If you're like most folks, your home is the single biggest investment you will make in a lifetime. Therefore, it makes good sense to do everything you can to take good care of it.
People who get the best return on their investment -- when it comes time to sell -- don't wait for the roof to leak or paint to peel. They perform regular home-maintenance tasks that preserve the structural integrity of their home. Regular maintenance also keeps a home looking spiffy, which also has a lot to do with value.
Painting is a maintenance task that offers one of the best returns for the dollar -- inside or out. Also, a fresh coat of paint can transform a "plain Jane" home into an eye-catcher. This can be particularly true of a stucco home since stucco has special problems, such as cracking, fading and efflorescence.
Besides enhancing appearance, a fresh coat of paint can help protect the home from the elements (sun, rain and snow) and the inevitable deterioration that occurs from prolonged exposure to them.
How often should you paint the exterior of your home? The answer depends on several factors: exterior siding material, climate, sun exposure and the quality and type of paint used. With proper preparation and top-quality paint, a home typically will require painting every five to seven years. Darker shades -- as with trim colors -- might need repainting every couple of years to retain their original brilliance.
Choose paint quality and color carefully. Use colors that will enhance the architectural appearance of your home. The one- or two-color schemes used in the past are just that -- a thing of the past. A well-thought-out color pallet -- using several colors or shades -- can be visually pleasing by accentuating various architectural elements. For example, the barge, fascia and general trim can be painted one color, the overhang or soffit another, the body another and shutters, if they exist, yet another. And you can set it all off by using a punch color for the entry door. A reputable paint dealer and-or a professional color consultant can be of help when choosing colors.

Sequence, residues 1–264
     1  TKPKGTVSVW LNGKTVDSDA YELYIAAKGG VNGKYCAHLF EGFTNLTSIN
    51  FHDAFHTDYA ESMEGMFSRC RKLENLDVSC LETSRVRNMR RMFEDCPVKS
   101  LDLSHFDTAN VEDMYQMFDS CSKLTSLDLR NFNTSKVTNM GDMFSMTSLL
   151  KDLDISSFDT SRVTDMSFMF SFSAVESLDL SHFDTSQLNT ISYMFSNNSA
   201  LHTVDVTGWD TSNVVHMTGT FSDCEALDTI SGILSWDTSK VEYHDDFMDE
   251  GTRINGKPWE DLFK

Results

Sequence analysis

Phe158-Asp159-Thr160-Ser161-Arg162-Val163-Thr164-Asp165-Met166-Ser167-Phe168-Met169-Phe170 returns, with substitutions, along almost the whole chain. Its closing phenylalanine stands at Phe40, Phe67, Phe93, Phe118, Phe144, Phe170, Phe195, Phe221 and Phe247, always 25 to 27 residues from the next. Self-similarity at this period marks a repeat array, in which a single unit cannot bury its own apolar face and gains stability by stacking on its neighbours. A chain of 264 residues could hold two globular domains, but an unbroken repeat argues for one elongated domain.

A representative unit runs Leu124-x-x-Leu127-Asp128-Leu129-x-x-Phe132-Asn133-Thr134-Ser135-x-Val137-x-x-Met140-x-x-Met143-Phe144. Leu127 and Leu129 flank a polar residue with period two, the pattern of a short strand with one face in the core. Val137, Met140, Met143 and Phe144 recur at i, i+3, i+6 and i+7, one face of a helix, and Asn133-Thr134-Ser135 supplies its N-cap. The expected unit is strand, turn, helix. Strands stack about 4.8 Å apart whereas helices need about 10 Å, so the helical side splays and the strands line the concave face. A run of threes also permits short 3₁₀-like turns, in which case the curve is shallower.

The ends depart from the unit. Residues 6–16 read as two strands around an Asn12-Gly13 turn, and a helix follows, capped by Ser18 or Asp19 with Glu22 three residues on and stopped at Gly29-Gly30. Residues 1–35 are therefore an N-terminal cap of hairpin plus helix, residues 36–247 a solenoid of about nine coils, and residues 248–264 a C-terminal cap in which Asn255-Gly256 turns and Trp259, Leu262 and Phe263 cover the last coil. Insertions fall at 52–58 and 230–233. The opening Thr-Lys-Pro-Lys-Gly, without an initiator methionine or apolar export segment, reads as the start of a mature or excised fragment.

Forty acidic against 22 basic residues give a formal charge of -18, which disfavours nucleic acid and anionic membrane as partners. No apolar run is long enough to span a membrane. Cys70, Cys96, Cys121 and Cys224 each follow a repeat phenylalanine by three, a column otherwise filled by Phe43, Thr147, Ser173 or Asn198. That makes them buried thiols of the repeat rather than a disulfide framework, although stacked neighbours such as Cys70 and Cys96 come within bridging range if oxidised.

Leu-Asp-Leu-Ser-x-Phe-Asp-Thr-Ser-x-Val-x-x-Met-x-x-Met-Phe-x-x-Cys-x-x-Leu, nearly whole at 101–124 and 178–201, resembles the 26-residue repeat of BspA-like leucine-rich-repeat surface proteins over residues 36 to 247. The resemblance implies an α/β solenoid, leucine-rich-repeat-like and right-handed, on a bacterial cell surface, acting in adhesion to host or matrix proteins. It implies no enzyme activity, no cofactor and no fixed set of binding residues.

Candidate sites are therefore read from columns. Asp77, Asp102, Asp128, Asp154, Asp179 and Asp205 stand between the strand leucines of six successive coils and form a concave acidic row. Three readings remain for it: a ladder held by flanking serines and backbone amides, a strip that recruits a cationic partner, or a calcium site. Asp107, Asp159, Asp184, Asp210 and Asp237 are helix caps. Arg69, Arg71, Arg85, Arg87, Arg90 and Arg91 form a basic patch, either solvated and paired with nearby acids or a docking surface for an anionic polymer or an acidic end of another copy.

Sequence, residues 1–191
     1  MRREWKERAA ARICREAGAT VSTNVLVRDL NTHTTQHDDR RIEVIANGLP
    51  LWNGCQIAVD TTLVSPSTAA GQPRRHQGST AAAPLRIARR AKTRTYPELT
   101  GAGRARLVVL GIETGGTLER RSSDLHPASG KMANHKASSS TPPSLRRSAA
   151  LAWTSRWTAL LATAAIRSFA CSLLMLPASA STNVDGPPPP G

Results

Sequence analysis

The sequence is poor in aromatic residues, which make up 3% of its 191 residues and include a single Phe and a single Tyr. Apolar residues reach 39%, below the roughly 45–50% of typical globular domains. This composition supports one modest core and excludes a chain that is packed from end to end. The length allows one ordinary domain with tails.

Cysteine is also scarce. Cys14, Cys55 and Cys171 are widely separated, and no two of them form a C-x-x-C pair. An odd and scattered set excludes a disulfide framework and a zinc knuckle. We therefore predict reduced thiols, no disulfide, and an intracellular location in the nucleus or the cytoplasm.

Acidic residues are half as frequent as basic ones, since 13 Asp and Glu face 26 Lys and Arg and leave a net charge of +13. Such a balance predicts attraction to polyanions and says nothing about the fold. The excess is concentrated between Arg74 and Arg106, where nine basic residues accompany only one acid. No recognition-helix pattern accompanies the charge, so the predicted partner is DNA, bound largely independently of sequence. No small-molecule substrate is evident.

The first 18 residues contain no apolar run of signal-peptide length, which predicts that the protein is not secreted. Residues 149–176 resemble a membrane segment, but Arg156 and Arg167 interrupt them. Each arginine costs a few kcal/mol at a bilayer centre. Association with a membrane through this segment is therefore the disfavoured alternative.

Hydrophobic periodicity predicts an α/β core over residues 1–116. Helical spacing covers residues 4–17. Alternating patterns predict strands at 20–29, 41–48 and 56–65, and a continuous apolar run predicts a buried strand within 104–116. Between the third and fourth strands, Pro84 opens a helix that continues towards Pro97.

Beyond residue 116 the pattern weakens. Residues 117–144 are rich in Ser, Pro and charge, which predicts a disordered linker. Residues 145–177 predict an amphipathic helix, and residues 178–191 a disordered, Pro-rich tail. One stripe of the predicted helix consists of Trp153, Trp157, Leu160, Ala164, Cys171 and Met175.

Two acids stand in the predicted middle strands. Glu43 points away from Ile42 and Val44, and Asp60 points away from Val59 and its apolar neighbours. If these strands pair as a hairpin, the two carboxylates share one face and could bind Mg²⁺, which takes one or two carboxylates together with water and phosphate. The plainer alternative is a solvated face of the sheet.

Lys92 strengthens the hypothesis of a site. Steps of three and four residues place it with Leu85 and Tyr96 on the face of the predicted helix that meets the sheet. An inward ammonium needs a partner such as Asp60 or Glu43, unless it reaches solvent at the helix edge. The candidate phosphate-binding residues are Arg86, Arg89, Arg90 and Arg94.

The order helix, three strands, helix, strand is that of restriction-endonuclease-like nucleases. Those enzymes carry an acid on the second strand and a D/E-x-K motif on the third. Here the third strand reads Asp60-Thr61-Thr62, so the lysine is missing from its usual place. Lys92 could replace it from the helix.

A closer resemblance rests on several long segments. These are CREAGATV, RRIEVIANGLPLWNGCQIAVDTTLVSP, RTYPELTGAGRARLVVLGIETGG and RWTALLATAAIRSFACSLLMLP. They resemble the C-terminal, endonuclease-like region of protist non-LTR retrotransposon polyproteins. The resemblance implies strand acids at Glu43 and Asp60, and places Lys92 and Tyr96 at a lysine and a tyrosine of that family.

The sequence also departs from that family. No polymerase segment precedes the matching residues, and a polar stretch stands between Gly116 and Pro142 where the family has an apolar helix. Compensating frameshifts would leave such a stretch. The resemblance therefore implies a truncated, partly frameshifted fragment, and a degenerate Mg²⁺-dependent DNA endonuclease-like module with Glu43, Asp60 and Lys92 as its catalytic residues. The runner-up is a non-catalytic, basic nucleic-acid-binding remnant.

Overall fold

Think of paint as an investment and not a cost. If you enjoy painting and want to paint your home often, buy inexpensive generic brands. We guarantee that you'll be busy painting every year of so. If, on the other hand, you like to paint, but would rather not enjoy the experience more often than every five to seven years, we suggest that you buy the best paint available.
Good paint isn't inexpensive, but when you consider lasting quality and the protection that it offers your home, it's a bargain. Shop for a major name brand and plan to spend about $25 a gallon for a high-quality 100-percent acrylic latex exterior house paint.
Preparation and paint application technique are no less important than the quality of the paint. This is especially true with stucco because of the concerns mentioned earlier.
It doesn't make any difference how good the paint is; it simply won't stick unless the surface is clean. With stucco, we suggest a thorough power washing to clean the surface and remove chipped and peeling paint. Dirty areas such as the lowest section close to the ground should be scrubbed with a coarse nylon brush and powder laundry detergent. Use 1/3 cup to 1 gallon of hot water. Add 1 quart of bleach to this concoction if mildew is present.
Efflorescence -- a white powdery substance that is common with stucco and masonry finishes -- should be removed using a wire brush.
The most challenging aspect of prepping a stucco house for painting is crack repair. You can turn your home into an interstate road map of obvious crack repair, if you aren't cautious. When it comes to stucco crack repair, less is more. Don't attempt to patch every crack. Hairline cracks and those that you can't get your fingernail into should not be patched. High-quality paint should be used to fill those cracks.
Wider cracks should be filled with a high-quality exterior grade acrylic latex caulk. Have a damp sponge handy to wipe away excess caulking. There are two trade secrets for caulking stucco. First, when using a damp sponge to wipe off excess caulking, wipe in all directions to remove caulking that might be lodged in a textured finish. Second, while the caulking is still wet, place fine texturing sand into the palm of your hand and, holding your hand in front of the caulking, blow across the sand to scatter it onto the surface of the damp caulk. This will help make the patch less obvious and prevent the "road-map" effect by helping the caulk blend into the surrounding finish.
Stucco can be painted using a roller or with an airless sprayer. A brush is not recommended. A roller works well for small jobs, but can be overwhelming on larger projects. For big jobs, consider using an airless sprayer. Don't put your roller away when using a paint sprayer. Spraying will get the paint onto the surface. Use a deep-nap roller (3/4 inch to 1 inch) to work the paint into the surface and to achieve a uniform finish.
Although one coat might do the trick, stucco usually will require two, due to its high level of absorption and to conceal cracks and other repairs.
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